Close your eyes & imagine the smell of a public urinal... Given that your eyes should be shut, everything is black yeah? Well, that's what our bathroom looks like, black with mold!!! with the stench of Boys toilets! I almost fainted when I saw a street vendor selling bleach! so I bought it & went crazy in the bathroom. Given that there has been 2 lots if gastro & 1 malaria in the last week & the fact that the family does not use toilet paper or soap, I don't think bleaching the bathroom is such an unreasonable thing to do. I did the loo, then the sink... Ohhh the results were so satisfying! Then the shower! So, I don't know what base of paint they use here, but it's not very durable..... Red paint came gushing down the tiles and was not draining away, cause again drainage is also not a strong point of our shower's. Opps! I was freaking out. So I finished my shower & tried to slip out of the bathroom unnoticed. I got my Aussie room mate to assess how noticeable the damage was, & she didn't think it was bad at all, but the bleach smell was! Then she joked "they wouldn't recognize the odor anyway" Too (sadly) true.
I feel bad, but it's not obvious at all & some thing really does need to be done but the lack of hygiene. By Ghanaian standards I think our house is fairly good. By Aussie standards it's certainly not. My room has concrete a floor, walls & ceiling, a small cupboard, a fan & an excuse of a bed. I'm sleeping on slats and had a pillow which was solid balls of god knows what! (I bought myself a decent pillow) There's no kitchen, everything is cooked over hot coals outside. There is no laundry, no tv, no hot water or pressure & the family does not have a car. Barely anyone does actually, trillions of taxes & tros on the roads, but few private cars. It astounds me how many half built or falling apart structures there are! People start building house, then run out of money so they stop. There is no maintenance. Something starts falling apart = abandonment. I don't get it? People live in over crowded shanty / hut like numbers amongst feces & rubbish, yet what nice buildings they have are let to go to ruins.
My family doesn't appear to work. I think one of the sisters sells stuff on the street but I think the money we bring to them as boarders is their income - consequently we are barely being fed! Our "board" is partially meant to be spent on food- can't really see where though. NOT HAPPY PROJECTS ABROAD!!!!!!!! I paid a fortune to be here so that I would be some what looked after! Not happening- we are malnourished to say the least! Plain rice and pasta does not cut it according to my recollection of a food pyramid! Vegetables are a distant memory of mine. Not impressed that I have to try to find safe food to eat on the street in the sweltering heat 15mins walk from my house on a daily basis. I accept that what we eat is very different to what my host family eat, they don't understand what we are after/need, so I don't blame them. I blame projects abroad for the empty promises. However after a lot of inventiveness, resourcefulness & my taste buds withering up & dying & my diet is not TOO bad & I don't mind the food. Plus it makes going out to eat a super exciting experience (and i better loose a few kilos to make feeling hungry ALL the time worth it)!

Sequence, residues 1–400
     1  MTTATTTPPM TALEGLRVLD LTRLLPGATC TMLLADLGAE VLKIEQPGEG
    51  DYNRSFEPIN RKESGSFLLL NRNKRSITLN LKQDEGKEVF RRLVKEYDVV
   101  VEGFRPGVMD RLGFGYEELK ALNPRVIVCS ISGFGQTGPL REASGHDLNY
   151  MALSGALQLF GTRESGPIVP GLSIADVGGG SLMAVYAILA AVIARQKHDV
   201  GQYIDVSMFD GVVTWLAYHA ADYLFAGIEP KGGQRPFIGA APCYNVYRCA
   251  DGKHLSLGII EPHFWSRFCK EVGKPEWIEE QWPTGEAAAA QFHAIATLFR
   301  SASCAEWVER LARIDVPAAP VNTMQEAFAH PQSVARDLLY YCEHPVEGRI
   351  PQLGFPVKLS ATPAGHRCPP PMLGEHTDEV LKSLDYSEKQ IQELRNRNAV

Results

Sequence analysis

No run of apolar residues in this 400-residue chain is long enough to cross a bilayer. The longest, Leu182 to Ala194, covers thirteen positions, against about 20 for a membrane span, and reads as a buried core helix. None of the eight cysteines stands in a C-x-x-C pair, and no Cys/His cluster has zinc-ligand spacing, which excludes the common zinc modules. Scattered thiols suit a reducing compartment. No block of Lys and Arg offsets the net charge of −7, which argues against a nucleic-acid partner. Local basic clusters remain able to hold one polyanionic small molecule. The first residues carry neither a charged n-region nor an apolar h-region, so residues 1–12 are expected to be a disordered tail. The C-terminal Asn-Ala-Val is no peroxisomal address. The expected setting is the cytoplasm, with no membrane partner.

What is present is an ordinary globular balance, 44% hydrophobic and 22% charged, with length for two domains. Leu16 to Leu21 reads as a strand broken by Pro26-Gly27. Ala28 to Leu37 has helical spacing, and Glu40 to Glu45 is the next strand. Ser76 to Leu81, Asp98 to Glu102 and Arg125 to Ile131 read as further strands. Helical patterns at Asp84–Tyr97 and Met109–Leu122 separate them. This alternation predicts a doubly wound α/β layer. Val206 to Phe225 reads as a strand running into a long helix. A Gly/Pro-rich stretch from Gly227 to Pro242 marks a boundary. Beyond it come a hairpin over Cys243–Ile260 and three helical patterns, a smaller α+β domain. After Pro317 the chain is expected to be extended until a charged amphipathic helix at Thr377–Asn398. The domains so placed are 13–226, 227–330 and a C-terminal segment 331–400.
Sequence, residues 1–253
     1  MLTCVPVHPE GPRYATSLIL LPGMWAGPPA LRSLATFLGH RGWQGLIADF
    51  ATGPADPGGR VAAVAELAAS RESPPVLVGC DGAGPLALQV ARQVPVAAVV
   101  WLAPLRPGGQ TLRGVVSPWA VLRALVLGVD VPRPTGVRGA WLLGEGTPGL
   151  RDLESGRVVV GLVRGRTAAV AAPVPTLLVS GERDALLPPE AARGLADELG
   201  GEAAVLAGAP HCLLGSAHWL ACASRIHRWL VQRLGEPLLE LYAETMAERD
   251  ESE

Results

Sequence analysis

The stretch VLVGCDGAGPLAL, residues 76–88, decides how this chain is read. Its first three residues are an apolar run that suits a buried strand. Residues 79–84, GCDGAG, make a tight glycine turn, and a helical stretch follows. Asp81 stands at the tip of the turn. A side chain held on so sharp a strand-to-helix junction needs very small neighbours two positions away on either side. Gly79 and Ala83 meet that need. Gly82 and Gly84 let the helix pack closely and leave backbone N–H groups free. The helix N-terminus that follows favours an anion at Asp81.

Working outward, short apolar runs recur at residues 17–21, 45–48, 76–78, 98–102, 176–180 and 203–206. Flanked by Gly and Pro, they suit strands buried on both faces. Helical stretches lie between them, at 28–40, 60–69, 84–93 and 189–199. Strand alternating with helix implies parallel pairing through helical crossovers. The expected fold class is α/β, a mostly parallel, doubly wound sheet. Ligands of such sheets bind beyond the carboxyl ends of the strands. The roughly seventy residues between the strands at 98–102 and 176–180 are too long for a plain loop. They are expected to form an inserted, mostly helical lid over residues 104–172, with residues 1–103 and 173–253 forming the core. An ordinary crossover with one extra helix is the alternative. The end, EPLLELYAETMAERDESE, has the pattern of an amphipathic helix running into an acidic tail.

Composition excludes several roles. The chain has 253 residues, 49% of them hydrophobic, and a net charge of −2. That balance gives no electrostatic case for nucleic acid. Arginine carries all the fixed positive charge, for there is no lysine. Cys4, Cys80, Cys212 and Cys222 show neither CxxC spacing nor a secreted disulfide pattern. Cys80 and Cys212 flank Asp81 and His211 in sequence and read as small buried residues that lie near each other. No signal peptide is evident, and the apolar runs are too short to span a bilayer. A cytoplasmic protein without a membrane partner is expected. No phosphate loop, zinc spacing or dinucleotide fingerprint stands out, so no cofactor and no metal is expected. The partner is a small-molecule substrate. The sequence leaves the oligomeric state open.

(I'm sorry to do this to you Eds but) I was chatting to Eddie last week before he left bout essentials I'd like him to bring- this included vegemite, coffee & a bucket load of aquium. His response was, if there's stuff I forget I'm sure we'll be able to buy it somewhere there. Ummmm not really.... Where would you propose we get "stuff" from? A mall? A shop which has 4 walls? Umm no, there isn't actually the western concept of shops in cape coast. Yes, there are in the big cities, but not in cape. It's just street vendors - people in shipping containers which have shelves in them, or wooden hut structures or sitting on the floor or from the bowls or boxes that everyone carry on their heads. Brace yourself Eds.
I'm pleased to report that after one week of vomiting my host sister was finally taken to hospital!!! Us volunteers had decided that we'd just take her ourselves of something didn't happen by mid last week. The hospital visit was promptly followed by a 3 hour church service in the lounge room and she is making a speedy recovery.
I sound like I real downer over my last couple of blogs! Don't take it that way, cause I am smiling & enjoying myself & I'm not home sick. It is challenging & thought provoking though. These are rather thorough too so that a have good documentation of everything for Uni on my return - the good, bad & the ugly!
Eddie got here on Sunday & had his first day at the orphanage yesterday. Eds is here now and loving it - he is bright eyed and taking it all in with gusto and giving it his all - helping with maths & English homework, teaching them handball & playing soccer. The boys were stoked cause they rarely get male volunteers. We found a guitar in town yesterday & have "converted" it to a left handed (taboo!!!) one. Asked the head of the orphanage what english songs the kids would know, and they know gospel songs so Eds is practicing some old favorites! I think the kids will love anything they can dance around to - whether they know the lyrics or not.